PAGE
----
New way to track stem cell migration could advance treatments for brain tumours


A new study in the September issue of Stem CellsTranslational Medicineshows how a team of scientists led by Rex Moats, and Karen Aboody, have discovered a safe and effective way to track the migration and distribution of neural stem cells used in the treatment of invasive brain tumours. 

The researchers’ method, which involves “pre-loading” the cells before transplantation with ultra-small, superparamagnetic iron oxide nanoparticles that can then be detected via magnetic resonance imaging (MRI), has been approved for clinical trials in humans and has the potential to greatly accelerate the search for new treatments for deadly brain tumours and other diseases.

Numerous stem cell-based therapies are currently under investigation, including an FDA-approved clinical trial focused on employing neural stem cells (NSCs) in delivering drugs targeting invasive brain tumors.  “The ability to monitor the time course, migration and distribution of stem cells following transplantation into these patients would provide critical information for optimising treatment regimens,” Moats, Department of Radiology, Children’s Hospital of Los Angeles, and University of Southern California’s Keck School of Medicine, USA, said. “However, no effective cell-tracking methodology had yet garnered clinical acceptance.”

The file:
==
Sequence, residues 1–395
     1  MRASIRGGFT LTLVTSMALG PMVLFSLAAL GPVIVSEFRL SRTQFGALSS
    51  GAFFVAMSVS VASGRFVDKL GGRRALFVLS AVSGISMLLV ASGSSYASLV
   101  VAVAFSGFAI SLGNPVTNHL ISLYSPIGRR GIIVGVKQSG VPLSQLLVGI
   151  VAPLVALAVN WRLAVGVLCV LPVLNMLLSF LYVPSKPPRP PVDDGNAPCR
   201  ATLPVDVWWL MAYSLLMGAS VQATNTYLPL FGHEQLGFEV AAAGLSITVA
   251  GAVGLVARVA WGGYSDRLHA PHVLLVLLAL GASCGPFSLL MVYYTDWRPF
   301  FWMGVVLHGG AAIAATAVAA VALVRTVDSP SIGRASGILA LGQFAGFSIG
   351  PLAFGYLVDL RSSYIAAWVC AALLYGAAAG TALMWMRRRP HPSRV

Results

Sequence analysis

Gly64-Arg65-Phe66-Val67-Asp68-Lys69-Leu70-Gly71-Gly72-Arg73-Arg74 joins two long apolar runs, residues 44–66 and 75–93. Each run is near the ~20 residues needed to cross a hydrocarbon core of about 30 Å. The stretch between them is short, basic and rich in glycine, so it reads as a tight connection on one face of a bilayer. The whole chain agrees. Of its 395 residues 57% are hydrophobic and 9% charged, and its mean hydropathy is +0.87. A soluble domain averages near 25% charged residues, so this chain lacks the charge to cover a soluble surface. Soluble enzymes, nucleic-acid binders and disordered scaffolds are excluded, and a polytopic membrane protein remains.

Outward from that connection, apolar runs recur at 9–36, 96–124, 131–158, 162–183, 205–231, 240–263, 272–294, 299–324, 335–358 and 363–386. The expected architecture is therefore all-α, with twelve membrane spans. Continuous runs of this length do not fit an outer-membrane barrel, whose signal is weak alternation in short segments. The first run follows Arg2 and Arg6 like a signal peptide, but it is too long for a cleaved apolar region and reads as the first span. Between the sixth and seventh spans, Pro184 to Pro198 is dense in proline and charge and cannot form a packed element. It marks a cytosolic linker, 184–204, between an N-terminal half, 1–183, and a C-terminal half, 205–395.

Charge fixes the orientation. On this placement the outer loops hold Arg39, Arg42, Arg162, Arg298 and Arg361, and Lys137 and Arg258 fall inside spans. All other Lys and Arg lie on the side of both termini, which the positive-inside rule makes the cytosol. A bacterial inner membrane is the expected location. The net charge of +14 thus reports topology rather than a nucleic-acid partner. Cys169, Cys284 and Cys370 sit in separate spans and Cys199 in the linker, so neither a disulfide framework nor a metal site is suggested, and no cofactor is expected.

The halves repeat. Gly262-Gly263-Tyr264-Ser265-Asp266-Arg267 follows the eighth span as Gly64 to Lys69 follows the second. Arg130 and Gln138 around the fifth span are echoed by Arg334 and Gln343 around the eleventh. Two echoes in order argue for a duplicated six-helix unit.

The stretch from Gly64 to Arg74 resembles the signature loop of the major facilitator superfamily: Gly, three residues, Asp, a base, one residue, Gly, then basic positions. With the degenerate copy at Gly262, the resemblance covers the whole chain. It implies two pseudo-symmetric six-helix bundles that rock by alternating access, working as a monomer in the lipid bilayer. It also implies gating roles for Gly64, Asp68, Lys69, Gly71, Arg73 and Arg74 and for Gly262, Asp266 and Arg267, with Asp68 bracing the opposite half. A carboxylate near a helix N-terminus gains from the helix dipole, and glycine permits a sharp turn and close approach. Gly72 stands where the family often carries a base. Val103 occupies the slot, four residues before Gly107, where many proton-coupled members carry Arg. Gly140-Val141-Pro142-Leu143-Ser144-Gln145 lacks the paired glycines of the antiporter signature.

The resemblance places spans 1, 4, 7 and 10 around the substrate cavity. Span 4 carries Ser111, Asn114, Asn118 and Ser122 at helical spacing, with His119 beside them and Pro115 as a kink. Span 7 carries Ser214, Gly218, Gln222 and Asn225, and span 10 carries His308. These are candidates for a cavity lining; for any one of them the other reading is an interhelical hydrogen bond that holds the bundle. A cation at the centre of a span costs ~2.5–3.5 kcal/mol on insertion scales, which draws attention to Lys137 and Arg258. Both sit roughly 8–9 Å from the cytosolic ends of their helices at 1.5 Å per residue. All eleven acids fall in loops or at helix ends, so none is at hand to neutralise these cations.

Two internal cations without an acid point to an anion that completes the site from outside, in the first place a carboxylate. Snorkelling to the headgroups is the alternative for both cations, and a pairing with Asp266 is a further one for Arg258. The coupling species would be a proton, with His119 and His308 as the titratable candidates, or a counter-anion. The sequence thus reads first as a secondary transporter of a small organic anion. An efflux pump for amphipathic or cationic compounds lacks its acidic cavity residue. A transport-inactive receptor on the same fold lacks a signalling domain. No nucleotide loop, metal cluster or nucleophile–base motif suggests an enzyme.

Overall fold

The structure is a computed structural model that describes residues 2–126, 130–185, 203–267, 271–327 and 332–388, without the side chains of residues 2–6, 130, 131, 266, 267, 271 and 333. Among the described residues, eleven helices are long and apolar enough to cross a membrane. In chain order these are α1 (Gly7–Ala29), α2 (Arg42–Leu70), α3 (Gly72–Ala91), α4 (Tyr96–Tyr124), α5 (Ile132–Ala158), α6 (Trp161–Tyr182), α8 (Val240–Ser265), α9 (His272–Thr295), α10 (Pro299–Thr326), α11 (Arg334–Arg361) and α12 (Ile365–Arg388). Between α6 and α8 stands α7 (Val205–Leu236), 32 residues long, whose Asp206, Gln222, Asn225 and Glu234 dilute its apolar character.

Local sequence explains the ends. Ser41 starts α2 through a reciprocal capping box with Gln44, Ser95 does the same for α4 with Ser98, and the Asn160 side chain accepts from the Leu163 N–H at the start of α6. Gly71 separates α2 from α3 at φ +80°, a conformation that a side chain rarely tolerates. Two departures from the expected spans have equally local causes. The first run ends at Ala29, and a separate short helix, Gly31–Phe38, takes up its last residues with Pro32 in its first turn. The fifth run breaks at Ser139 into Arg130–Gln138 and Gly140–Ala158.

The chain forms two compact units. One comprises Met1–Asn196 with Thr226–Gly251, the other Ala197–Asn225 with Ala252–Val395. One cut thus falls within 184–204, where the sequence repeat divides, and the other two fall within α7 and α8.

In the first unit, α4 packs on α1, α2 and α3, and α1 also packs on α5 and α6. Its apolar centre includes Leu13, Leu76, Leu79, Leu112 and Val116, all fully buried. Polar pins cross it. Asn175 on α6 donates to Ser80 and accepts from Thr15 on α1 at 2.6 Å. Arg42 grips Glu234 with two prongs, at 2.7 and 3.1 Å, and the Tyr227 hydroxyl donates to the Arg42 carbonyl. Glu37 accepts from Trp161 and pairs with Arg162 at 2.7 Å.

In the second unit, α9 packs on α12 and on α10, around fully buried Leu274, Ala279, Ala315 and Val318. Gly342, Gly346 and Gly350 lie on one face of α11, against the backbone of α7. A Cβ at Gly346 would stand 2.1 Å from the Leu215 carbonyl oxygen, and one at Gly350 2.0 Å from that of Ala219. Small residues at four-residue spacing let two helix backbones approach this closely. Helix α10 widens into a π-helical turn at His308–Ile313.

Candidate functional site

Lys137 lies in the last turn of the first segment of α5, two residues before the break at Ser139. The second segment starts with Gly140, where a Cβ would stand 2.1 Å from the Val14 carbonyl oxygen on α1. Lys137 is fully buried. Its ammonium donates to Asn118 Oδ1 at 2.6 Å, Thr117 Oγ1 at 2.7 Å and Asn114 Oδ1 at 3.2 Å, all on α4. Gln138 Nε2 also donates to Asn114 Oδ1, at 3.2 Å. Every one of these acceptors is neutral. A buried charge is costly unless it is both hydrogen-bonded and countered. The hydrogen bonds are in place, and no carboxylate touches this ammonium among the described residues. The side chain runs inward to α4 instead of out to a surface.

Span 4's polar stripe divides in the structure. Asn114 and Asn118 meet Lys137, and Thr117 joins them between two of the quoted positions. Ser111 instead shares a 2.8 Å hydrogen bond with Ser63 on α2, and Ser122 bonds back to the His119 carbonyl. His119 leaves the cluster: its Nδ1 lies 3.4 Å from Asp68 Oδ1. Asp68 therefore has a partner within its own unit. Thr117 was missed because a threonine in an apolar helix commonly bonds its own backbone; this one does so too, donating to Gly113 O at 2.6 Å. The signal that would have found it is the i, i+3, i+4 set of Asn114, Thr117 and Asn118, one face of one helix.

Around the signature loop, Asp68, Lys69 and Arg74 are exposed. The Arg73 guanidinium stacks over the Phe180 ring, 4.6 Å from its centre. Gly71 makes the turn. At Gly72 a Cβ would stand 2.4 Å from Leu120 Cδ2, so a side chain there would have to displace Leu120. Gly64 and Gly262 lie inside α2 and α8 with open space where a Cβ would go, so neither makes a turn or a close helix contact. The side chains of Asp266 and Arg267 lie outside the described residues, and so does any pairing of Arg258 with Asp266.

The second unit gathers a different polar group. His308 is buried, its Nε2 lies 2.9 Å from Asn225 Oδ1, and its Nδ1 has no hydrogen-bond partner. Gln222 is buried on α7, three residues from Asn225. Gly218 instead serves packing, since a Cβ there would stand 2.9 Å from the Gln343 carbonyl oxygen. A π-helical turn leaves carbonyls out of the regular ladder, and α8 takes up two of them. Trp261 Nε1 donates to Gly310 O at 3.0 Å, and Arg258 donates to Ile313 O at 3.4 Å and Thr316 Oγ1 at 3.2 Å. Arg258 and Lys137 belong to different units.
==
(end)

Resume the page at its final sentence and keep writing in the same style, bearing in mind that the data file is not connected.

A labelling and imaging protocol using clinical grade ferumoxytol — an iron replacement product currently approved to treat iron deficiency anaemia in patients with chronic kidney disease — has shown promise in some studies as a possible tracking agent. The Moats-Aboody team, in conjunction with Joseph A Frank, a co-investigator at National Institutes of Health, had previously demonstrated that the combination of ferumoxides with protamine sulphate showed promise in labelling the NSCs for this purpose.

In this most recent study, they wanted to build upon their work by testing how adding heparin to the ferumoxytol and protamine sulphate mix might affect the NSC labelling.

The results were extremely promising in the lab. “Additionally,” Aboody, Department of Neurosciences, City of Hope National Medical Center and Beckman Research Institute, Duarte, USA, said, “when we tested it on mice with brain tumours we were able to track the NSC distribution using an MRI at multiple time-points following intracerebral or intravenous injection. The mice demonstrated no significant clinical or behavioural changes, no neuronal or systemic toxicities and no abnormal accumulation of iron in the liver or spleen.”

“Overall, we propose that ferumoxytol-labeling is an effective cell-tracking method that is safe for clinical use, contributing little to the risk side of a given risk/benefit analysis,” Moats concluded.